Zheng Joyce Wang (Ph.D. in Communications & Cognitive Science, Indiana University-Bloomington, 2007) is an Associate Professor in the School of Communication and faculty-in-residence of Translational Data Analytics at the Ohio State University-Columbus. She directs the Communication and Psychophysiology Lab.
One of her research interests is the use of real time and longitudinal data (e.g., psychophysiological measures, longitudinal life experience sampling) in conjunction with formal dynamic models to study how people process information, and how their attention, emotion, motivation, decision and choices are affected by the information. A current focus of hers is the reciprocal influences between information processing and choice behaviors across time. One main application of this research is to help us better understand effective communication strategies and message designs to change health related behaviors, such as substance use and diet.
Another research interest of hers is to study contextual influences on judgment and decision by building new probabilistic and dynamic systems based upon quantum rather than traditional classical probability principles. Quantum probability theory turns out to be highly suitable for explaining puzzles associated with the highly contextual nature of choice and judgment. She has applied the dynamic quantum models to study paradoxical findings on interpersonal interactions (e.g., categorization-decision interference effects), measurement order effects (e.g., order effects of attitude questions), and episodic memory overdistribution effects. She co-edited a special issue on The Potential of Quantum Probability for Modeling Cognitive Processes (Topics in Cognitive Science, 2013, Vol. 5).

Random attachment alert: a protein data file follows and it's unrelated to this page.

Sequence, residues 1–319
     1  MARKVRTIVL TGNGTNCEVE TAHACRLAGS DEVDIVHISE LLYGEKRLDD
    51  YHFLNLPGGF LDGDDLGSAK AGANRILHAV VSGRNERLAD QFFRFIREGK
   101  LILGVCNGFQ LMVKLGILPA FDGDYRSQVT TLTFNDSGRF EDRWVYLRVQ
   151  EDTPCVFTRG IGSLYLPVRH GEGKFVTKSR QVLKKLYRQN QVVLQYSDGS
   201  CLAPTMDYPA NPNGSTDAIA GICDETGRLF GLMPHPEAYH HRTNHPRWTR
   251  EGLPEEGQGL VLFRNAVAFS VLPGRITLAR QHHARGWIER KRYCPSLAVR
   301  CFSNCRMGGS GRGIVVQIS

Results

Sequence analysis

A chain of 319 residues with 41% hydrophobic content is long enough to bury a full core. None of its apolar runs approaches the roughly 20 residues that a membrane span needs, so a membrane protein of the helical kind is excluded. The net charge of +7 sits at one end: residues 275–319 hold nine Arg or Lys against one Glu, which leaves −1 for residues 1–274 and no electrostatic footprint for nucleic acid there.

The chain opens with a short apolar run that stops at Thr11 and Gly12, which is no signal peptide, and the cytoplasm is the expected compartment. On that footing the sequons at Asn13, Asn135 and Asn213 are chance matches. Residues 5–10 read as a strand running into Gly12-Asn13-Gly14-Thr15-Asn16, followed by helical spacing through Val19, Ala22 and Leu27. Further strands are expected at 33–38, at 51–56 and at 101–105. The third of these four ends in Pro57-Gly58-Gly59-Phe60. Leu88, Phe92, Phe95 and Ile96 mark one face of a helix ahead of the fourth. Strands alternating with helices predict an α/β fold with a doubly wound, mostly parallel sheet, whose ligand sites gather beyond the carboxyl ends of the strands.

She publishes in journals in communication, psychology, and cross disciplines, such as Journal of Communication, Communication Research, Media Psychology, Journal of Mathematical Psychology, Trends in Cognitive Science, and PNAS, and has won many best paper awards. She co-edited the Oxford Handbook of Computational and Mathematical Psychology (2015) and is writing a book on Cognitive Choice Modeling (MIT, forthcoming). Her research has been continuously supported by U.S. National Science Foundation and the Air Force Office of Scientific Research.